While many developers are scrambling to port their games over to the Nintendo Switch, developer Silesia Games new puzzler, Run The Fan, is a Switch exclusive. Created specifically with the Nintendo Switch’s handheld mode in mind, Run The Fan takes inspiration from the old marble in a maze puzzle and puts it into the electronic age. Does a new take on an old game add to the fun or does it create a short circuit? This is our Run The Fan review.
Each level in Run The Fan is a circuit board consisting of a current generator, a fan, and a copper trace between the two. A spark of current moves along the trace, going from the generator to the fan. The trace between the generator and fan is broken in several places, requiring you to move a metal ball around the board to fill in the gaps as the spark reaches them. Scattered across the board are diodes, resistors, I/O ports, and other electrical obstacles that create a maze you must traverse through to get from one gap to the next. Failing to fill bridge the gap as the spark reaches it or sending the spark down the incorrect path to a dead-end requires a restart of the level.
If you ever played the Marble Labyrinth Game as a kid then you already know how you will propel the ball around the circuit board – Moving the joystick up, down, left, or right tilts the board in that direction and gravity takes care of the rest. For anyone looking for a more old-school feel, you can turn on the accelerometer and tilt the Switch itself to move the ball around. Even at the highest sensitivity the use of the accelerometer feels sluggish and unresponsive when compared to using the joystick.
Regardless of which method you use, when the ball is near a gap you can create an electrical arc to hold it in place by pressing the A button. The arc can’t catch the ball if it has too much momentum so you do have to use a little finesse as you maneuver the ball into place. The creation of the arc also increases the speed the spark travels and becomes very useful when trying to manage multiple sparks on different paths.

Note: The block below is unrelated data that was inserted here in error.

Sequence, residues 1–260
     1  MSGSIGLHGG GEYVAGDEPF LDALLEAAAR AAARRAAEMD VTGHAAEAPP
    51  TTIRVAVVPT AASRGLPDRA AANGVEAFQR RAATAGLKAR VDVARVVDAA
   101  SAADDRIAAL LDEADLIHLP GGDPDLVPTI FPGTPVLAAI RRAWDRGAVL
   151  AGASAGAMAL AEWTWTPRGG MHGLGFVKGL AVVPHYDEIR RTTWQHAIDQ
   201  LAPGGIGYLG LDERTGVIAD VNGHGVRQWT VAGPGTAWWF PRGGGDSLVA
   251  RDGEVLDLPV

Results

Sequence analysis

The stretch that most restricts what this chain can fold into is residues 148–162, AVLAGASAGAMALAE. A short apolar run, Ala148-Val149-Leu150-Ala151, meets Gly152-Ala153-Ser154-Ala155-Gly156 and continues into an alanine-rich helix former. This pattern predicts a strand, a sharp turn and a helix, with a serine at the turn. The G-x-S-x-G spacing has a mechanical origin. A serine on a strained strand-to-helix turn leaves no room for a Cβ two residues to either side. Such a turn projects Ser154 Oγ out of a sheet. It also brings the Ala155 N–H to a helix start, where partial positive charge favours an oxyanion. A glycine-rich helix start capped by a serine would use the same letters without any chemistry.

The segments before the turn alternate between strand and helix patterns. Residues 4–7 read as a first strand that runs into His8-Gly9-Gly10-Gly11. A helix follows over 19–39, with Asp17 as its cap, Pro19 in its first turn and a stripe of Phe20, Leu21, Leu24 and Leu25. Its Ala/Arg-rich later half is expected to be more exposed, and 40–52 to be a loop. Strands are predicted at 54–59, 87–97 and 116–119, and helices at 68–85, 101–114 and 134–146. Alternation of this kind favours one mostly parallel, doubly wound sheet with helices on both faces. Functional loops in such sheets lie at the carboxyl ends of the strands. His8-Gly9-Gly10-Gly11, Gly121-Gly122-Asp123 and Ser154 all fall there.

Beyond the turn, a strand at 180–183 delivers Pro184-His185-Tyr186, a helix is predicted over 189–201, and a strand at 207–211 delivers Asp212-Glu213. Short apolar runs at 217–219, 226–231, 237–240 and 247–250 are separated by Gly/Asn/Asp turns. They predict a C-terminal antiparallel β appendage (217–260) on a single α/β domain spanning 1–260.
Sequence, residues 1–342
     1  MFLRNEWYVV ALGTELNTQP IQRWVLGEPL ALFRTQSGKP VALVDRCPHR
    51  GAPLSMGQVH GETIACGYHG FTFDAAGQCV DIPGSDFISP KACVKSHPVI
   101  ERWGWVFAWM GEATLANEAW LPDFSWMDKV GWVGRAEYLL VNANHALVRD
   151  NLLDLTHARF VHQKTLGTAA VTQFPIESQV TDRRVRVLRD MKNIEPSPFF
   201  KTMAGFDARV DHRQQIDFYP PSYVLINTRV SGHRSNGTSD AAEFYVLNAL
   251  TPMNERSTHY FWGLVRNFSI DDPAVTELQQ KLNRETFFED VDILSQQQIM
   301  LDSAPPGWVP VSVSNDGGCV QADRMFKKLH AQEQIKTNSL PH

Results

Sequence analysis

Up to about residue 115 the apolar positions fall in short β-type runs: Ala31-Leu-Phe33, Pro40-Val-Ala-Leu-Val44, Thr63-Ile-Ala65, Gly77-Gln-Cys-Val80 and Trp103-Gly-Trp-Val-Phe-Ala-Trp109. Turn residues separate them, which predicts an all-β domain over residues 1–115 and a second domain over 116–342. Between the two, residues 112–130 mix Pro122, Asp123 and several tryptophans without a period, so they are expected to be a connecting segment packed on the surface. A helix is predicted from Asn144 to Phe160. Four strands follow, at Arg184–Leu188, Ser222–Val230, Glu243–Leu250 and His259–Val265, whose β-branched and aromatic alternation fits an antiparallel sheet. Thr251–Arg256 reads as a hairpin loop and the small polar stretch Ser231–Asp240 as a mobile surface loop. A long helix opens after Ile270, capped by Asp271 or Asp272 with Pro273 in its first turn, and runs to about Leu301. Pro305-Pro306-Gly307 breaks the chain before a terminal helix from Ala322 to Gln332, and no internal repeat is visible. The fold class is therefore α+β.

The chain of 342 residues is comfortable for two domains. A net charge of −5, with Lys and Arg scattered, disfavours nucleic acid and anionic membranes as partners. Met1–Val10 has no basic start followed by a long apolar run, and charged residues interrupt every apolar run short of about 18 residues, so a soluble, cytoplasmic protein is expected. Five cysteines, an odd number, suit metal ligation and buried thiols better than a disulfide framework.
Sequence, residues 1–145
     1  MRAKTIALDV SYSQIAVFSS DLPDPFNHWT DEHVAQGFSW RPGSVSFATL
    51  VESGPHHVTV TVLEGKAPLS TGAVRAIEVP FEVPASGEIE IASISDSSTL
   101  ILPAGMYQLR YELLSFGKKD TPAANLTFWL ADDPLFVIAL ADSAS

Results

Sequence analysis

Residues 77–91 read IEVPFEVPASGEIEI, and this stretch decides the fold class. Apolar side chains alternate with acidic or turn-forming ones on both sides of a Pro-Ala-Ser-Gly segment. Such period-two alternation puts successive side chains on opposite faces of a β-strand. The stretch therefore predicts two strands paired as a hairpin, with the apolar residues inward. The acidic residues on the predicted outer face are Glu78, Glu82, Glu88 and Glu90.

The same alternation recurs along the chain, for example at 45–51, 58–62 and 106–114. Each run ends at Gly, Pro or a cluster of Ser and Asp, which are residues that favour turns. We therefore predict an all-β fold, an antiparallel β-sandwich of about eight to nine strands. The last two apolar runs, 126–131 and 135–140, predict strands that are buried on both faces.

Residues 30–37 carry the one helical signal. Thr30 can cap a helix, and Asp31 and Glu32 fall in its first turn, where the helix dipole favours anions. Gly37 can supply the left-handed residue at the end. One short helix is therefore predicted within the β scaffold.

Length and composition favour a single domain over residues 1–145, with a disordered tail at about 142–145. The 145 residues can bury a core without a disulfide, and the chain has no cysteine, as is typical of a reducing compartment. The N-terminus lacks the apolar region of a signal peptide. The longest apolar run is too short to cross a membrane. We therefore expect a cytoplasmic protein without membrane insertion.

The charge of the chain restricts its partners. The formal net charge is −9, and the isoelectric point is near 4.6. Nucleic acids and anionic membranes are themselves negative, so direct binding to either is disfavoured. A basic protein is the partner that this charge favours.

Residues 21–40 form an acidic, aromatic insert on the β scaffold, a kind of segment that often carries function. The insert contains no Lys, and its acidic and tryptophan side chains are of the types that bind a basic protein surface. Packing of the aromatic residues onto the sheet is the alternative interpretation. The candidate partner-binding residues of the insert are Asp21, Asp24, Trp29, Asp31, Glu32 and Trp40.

When it comes to the game’s visuals, I was very pleased by Silesia Games decision to go with an electrical theme. Building the levels out of electronic parts is fitting for a video game, more so than using a wood or metal theme would be. The boards don’t have the most realistic design to them, but anyone who has ever cracked open a computer case or other electronic device will give a nod of approval when they see things like SATA cables attached to the board or an empty power connector blocking their path.
There are 54 levels to traverse in Run The Fan broken up into three stages of 18. The first group starts off very simple and will introduce you to challenges such as multiple power generators and fans. The second group is more of the same with some of the exterior walls removed and cutouts on the board itself waiting to swallow up your ball. Things get a little more interesting in the third stage with the introduction of branching paths that cause the spark to split. The addition of up to four or five fans to power up also requires a little more strategy and quick movement of the ball to hit all the gaps in the correct order.
The biggest drawback to the game is the inconsistency in board difficulty. A good puzzle game gets progressively harder as you advance through the levels but Run The Fan doesn’t pull this off. Each of the three stages highlights a different obstacle to overcome: stage one has more elaborate paths, stage two has gaps in the floor and walls, and stage three has branching paths and more fans. None of these hazards alone make any stage harder than the others, but if they were combined together the developer could have created some crazy hard puzzles to solve. As it stands now, the hardest part of Run The Fan is getting comfortable with the controls and once you accomplish that most levels can be finished in just a single try or two.
This doesn’t mean that Run The Fan isn’t any fun, it’s just that it doesn’t reach its full potential. Something as simple as doing away with the grouping of the levels by hazard and instead put them from easiest to hardest would be an improvement. And as I mentioned above, offering some harder levels would have extended the gameplay past the 3 or 4 hours the game has to offer. Just like the toy Run The Fan was inspired by the gameplay is very repetitive and has no replay value once you successfully navigate through a level. My biggest disappointment though? After finishing all 54 levels there wasn’t any reward. I didn’t get a game over screen, credits, or anything else acknowledging my success. The game just went back to the main menu.
Note: Our copy was reviewed on Nintendo Switch with a code provided by PR.